STIS and HIV
Also known as gardnerella, bacterial vaginitis, or “B.V.,” is an infection caused by rod-shaped bacteria. IT IS NOT A SEXUALLY TRANSMITTED INFECTION. But we get a lot of questions about it. These bacteria normally live in the vagina in small numbers, but can increase and cause symptoms if the normal balance of the vagina is upset. It is not a sexually transmitted disease, although it may be more likely to occur after intercourse. It can also occur in people who have never had sex.
How Does It Affect My Body?
The symptoms of bacterial vaginosis can vary. But the most frequent one is increased vaginal discharge with a strong smell. This discharge is usually thin and may be white, yellow, gray or frothy in appearance. It may also cause some itching or burning.
How Do You Test for B.V.?
To diagnose bacterial vaginosis, a sample of the vaginal discharge is examined under the microscope to identify the bacteria.
What is the Treatment?
Bacterial vaginosis can be treated several ways. Treatment varies from a vaginal cream to oral antibiotics. It is very important to finish all of the medication so the infection does not recur. Partners do not need to be treated.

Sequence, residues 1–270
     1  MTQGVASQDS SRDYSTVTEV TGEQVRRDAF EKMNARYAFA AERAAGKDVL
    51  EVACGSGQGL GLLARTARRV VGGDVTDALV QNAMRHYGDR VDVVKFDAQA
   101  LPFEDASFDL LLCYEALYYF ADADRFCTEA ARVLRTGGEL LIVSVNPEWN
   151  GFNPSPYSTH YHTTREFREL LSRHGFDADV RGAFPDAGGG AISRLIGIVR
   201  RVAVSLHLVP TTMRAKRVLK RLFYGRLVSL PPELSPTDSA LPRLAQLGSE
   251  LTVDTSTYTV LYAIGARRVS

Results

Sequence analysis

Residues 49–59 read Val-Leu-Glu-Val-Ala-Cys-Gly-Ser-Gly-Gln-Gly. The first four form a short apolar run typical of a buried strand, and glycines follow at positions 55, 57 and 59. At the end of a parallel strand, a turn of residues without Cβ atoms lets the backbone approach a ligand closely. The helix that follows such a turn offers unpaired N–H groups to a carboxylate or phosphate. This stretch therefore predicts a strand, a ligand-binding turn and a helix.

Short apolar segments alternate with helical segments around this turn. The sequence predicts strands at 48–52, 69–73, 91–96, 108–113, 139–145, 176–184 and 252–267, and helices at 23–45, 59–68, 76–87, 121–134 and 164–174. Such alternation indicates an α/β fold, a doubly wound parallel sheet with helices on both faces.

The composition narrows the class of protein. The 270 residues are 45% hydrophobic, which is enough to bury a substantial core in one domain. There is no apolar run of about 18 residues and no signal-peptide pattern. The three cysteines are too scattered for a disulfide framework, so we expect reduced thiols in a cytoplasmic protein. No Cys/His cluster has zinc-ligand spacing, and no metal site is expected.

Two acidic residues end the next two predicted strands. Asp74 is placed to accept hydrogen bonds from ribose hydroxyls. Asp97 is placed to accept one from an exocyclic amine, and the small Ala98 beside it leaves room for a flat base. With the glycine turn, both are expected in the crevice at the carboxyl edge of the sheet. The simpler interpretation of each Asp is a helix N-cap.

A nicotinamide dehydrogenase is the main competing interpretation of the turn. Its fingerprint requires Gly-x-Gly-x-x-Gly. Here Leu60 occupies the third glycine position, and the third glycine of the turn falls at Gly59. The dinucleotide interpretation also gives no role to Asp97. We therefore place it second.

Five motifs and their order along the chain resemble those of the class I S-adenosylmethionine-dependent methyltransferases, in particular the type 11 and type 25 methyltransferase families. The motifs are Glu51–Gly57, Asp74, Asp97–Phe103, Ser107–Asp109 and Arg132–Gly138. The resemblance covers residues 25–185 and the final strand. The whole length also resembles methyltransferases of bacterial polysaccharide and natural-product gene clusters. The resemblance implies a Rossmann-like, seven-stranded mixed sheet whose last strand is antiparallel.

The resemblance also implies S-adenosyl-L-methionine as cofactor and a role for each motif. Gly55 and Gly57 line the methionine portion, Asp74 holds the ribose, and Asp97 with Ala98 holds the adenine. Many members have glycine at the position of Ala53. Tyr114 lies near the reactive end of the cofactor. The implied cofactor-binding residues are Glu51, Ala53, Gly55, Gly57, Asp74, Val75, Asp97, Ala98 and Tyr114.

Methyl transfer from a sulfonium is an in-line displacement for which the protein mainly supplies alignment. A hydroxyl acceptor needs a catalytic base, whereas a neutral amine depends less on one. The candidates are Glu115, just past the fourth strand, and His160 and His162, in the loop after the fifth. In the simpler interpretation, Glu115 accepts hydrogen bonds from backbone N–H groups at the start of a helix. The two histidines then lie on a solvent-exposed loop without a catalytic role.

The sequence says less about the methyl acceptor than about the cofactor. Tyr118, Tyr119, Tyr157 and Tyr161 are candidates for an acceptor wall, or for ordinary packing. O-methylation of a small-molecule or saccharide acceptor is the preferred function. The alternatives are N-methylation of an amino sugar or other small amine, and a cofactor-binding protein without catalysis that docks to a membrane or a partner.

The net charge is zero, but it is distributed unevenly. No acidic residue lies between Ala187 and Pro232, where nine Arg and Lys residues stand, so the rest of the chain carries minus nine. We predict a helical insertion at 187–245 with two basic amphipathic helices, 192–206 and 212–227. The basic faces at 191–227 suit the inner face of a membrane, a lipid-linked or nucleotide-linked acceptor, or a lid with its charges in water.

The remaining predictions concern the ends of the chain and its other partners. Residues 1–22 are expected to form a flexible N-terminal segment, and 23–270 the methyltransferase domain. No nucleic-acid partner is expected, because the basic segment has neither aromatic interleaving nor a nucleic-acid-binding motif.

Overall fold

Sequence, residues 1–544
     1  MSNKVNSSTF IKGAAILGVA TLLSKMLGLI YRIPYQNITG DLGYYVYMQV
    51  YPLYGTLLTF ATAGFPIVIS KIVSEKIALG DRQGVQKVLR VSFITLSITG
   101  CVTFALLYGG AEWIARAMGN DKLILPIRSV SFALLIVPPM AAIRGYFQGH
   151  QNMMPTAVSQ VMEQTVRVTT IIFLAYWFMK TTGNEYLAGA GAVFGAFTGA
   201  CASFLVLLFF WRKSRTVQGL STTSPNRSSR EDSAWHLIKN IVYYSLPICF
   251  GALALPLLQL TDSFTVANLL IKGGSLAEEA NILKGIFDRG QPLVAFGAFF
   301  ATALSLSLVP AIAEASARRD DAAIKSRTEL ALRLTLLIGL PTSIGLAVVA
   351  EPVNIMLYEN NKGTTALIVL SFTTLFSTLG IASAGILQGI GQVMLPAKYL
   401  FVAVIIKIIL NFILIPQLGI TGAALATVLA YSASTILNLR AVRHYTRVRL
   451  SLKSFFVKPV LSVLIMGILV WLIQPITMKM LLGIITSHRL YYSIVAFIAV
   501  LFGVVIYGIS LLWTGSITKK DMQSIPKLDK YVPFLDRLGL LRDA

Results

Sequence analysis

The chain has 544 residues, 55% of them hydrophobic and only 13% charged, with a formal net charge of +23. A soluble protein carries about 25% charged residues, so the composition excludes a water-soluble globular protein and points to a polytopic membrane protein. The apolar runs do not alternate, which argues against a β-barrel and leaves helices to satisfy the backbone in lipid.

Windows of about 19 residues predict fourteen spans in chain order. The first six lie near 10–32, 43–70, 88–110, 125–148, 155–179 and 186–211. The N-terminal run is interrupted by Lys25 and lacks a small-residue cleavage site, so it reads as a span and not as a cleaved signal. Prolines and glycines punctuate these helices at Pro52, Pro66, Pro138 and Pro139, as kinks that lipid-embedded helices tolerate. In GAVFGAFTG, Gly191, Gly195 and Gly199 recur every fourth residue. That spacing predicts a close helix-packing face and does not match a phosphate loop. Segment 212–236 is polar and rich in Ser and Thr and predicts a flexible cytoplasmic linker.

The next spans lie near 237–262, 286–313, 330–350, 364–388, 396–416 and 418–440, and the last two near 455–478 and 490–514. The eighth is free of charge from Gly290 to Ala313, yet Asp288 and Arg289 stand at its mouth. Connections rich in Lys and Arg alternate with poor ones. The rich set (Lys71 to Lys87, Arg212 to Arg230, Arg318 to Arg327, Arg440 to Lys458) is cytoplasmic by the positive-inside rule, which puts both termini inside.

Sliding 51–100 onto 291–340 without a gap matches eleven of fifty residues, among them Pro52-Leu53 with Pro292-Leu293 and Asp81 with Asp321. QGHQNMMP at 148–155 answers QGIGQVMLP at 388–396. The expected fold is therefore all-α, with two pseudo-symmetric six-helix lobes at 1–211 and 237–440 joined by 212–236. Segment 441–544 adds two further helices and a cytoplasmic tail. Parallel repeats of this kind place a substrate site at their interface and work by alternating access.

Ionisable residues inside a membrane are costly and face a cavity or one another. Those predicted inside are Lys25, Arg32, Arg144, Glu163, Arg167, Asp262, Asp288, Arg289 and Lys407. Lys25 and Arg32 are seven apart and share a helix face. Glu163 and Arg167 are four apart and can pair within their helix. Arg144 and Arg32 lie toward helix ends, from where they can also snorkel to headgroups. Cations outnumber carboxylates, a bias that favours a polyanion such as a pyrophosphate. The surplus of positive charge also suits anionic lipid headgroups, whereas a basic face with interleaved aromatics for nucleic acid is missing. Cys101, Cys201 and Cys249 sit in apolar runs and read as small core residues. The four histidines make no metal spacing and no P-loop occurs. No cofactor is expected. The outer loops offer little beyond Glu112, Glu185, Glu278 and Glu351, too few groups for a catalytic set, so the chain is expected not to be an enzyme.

Ways to Prevent Vaginal Infections
- Do not use bubble bath, vaginal deodorant or scented pads or tampons, or douches (unless recommended by an examiner). These upset the normal vaginal environment.
- Good genital hygiene (bathing, changing underwear daily, wiping from front to back). Avoid scented or deodorant soaps in the genital area. Avoid soap altogether or use a clear glycerine soap.
- Wear cotton underwear and avoid tight clothing to allow air circulation. If you must wear panty hose wear them for the shortest possible time.